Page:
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This Timberland Women’s Flume Boots review covers a lot because I’ve had these boots for over three years now!
I first bought them in spring 2015 for an 8-day Everest View Trek in the Himalaya Mountains of Nepal. From there, I wore them to walk miles through streets of Europe, climb 5,000 steps to the top of Adam’s Peak in Sri Lanka, summit a 19,000 ft. volcano in Peru, trek for days in the Cordillera Blanca Mountain Range, hike in Mexico and Bulgaria and much, much more.
These boots have been through it all, and this Timberland Women’s Flume Boots review will share what I love, what I dislike, and everything you need to know to decide if they’re right for you.
First, let’s start with the stats…
Cost: Around 89 to 110 usd
Ankle support: Yes
Timberland Women’s Flume Boots Review: The Good
Now let’s dive into my own personal experience. I honestly can’t believe how well these have held up and I’m sure you have some questions.
First, are they really waterproof?
Yes! I can hike in them for over an hour in the rain before the water starts to seep in. Otherwise, walking through streams or large puddles is definitely not a problem.
Are they comfortable?
I’ve hiked 13+ miles in a day, up glaciers and mountains and volcanos and honestly have no complaints. Of course, my feet will start to hurt eventually but usually that’s only around mile 9 or 10ish, which is pretty understandable.
I even have pronated ankles (which means they bend inward) and have special soles in my running shoes. I didn’t put them in my Timberland boots but they’re still comfy as heck.
How’s the ankle support?
Really good. I don’t know if I just have weak ankles or if it’s the pronation, but I twist my ankles a lot. Like, constantly. But, the support on these is so high that it never happens when I’m wearing them, even when I’m tired or slippin’ and slidin’ down a rocky pathway.
How long will they last?
Good question. I’ve had mine for 3.5 years now and definitely put them to good use. I honestly don’t feel any difference between today and the day I bought them (except they’re broken in, of course).
The only real way they show their age is the rubber on the side of the soles that flakes a bit, but other than that they actually look better now with the worn look. I’ll definitely hold on to them until the five year mark, but hopefully they’ll continue to last even longer.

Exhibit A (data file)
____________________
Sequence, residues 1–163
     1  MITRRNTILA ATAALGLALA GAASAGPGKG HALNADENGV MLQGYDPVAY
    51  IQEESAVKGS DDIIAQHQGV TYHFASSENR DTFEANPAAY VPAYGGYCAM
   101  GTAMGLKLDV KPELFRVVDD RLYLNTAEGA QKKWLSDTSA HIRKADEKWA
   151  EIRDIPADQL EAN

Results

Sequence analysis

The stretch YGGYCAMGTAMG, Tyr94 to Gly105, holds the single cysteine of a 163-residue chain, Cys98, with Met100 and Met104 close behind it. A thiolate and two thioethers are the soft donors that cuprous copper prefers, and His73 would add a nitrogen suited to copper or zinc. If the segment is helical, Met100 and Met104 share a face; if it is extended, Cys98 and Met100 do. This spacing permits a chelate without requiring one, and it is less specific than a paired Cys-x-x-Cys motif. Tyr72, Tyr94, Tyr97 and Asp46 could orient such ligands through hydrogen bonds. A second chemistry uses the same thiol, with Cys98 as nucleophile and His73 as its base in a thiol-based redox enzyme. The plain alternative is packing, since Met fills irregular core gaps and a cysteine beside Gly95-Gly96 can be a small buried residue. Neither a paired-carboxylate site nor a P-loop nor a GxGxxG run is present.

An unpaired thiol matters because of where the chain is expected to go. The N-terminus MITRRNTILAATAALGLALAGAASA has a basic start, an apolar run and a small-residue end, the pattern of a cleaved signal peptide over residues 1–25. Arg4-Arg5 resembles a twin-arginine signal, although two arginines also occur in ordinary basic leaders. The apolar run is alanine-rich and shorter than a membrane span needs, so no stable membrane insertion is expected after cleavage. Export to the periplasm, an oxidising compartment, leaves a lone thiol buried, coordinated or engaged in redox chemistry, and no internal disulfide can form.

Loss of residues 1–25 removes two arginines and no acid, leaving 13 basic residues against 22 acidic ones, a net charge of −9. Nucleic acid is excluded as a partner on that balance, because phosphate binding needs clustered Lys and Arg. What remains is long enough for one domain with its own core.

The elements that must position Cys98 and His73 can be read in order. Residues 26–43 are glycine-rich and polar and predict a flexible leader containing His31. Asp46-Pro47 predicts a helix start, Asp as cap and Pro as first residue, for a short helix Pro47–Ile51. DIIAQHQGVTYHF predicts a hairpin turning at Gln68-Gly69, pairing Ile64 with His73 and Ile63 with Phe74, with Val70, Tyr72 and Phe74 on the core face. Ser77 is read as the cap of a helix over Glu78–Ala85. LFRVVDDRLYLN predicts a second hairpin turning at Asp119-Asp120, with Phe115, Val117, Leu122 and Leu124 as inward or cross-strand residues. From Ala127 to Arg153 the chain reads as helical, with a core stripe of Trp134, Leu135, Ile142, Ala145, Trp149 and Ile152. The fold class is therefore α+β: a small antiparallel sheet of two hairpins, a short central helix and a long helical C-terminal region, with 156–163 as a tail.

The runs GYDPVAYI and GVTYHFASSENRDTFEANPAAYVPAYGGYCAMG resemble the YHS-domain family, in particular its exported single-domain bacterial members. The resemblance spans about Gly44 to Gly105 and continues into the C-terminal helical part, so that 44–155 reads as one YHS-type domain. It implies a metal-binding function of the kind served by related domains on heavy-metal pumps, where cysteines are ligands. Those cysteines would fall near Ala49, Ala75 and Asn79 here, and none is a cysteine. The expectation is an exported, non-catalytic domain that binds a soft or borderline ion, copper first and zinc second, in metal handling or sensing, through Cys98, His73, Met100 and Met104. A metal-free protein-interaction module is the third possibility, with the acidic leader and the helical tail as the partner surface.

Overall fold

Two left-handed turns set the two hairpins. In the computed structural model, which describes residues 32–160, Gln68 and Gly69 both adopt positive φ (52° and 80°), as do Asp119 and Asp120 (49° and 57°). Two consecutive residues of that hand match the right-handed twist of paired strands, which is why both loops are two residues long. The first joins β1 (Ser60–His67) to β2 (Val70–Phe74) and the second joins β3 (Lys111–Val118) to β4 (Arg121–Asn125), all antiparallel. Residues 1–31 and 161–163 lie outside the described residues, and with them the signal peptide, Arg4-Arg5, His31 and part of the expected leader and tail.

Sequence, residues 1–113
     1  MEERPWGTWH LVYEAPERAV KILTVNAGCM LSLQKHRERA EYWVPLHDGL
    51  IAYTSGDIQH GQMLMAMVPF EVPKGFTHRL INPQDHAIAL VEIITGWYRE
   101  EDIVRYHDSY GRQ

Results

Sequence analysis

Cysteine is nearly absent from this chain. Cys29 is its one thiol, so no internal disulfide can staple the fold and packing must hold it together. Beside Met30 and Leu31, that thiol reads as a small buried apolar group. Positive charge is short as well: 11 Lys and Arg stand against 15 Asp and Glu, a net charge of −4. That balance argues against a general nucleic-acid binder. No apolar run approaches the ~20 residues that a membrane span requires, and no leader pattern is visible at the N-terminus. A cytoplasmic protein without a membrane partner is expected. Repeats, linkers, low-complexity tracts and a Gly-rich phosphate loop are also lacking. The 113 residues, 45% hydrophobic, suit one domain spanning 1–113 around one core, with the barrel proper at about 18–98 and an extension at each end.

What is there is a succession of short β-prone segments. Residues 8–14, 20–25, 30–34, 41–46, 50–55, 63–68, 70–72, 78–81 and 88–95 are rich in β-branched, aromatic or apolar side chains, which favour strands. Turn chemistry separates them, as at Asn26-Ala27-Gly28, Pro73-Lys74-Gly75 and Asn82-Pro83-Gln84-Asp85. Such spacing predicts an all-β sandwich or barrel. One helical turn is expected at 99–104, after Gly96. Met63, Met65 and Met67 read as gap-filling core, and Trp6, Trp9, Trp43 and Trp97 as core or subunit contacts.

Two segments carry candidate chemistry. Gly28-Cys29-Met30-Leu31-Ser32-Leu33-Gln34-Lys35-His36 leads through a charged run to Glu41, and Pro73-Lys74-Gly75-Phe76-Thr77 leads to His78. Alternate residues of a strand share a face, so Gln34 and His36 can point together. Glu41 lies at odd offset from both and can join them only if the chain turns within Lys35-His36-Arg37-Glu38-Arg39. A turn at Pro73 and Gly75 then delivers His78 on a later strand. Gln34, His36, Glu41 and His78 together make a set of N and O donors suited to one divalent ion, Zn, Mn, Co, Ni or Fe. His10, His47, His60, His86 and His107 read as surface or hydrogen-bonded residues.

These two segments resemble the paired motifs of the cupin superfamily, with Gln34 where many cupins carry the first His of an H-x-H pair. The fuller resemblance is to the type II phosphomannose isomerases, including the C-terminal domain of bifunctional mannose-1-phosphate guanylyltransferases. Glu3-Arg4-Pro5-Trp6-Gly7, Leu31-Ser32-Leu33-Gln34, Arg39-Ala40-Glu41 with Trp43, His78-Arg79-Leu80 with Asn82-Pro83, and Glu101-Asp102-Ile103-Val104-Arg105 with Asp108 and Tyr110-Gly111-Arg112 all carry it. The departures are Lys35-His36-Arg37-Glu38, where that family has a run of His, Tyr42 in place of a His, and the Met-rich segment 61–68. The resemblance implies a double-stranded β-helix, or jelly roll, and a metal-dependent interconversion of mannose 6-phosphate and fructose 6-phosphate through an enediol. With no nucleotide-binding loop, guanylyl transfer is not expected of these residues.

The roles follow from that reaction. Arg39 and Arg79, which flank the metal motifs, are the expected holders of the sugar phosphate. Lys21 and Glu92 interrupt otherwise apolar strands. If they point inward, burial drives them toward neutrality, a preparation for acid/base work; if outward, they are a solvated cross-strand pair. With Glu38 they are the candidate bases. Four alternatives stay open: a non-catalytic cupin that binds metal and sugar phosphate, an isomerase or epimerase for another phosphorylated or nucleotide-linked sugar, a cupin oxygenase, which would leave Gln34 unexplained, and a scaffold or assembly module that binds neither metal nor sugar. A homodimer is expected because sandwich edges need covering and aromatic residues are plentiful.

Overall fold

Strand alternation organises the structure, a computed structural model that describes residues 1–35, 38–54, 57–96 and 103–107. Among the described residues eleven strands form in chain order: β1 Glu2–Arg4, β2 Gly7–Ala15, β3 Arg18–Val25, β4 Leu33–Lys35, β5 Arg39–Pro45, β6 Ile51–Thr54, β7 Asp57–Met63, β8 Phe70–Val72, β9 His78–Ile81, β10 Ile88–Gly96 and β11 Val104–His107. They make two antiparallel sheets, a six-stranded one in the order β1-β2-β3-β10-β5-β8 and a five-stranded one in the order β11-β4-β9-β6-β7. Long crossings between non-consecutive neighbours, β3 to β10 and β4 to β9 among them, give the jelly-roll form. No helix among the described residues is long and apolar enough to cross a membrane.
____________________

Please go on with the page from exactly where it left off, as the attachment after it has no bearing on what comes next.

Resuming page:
Are they worth the price?
I paid about $125 for my pair because I bought them in a mall. Even then, they’re definitely worth the price!
If I threw the boots out today, I still would have paid only $35 per year for them which isn’t bad at all. They’re my best pal on my long hikes around the world PLUS they’re cute enough to throw on with leggings and a cardigan when we’re traveling in cities as well.
Timberland Women’s Flume Boots Review: The Bad
Honestly, I’m struggling to think of anything that belongs in this category. If I reach, I’d say that one negative is that they’re not 100% waterproof. If it pours on me for long enough my feet will end up wet. But, I think that’s honestly going to happen with any boot in the world.
Also, another con would be that they definitely need to be broken in before you go hiking. I made sure to walk in my boots a lot before we went to Nepal, and I got a blister the first few times I did. So, break them in before your first major hike by walking around your neighborhood or a park nearby, and then you should be good to go!
Timberland Women’s Flume Boots Review: My Verdict
Honestly, it’s love.
I recommend these boots in many of my hiking posts because they just make every trip great. Painful feet will ruin even the most beautiful views so I don’t mess around here.
I put these Timberland boots to the test on high altitude/wet/cold/multi-day/you name it treks around the world over the past 3.5 years and I haven’t been disappointed yet. If you’re on the fence, buy these Timberland boots and I really, truly believe you’ll be happy with the purchase.
Look for more reviews? Check out the Osprey bag I can’t live without and read my thoughts on the best travel water bottle out there today. Or, browse my complete packing list to find out what I bring when I hit the road for months at a time.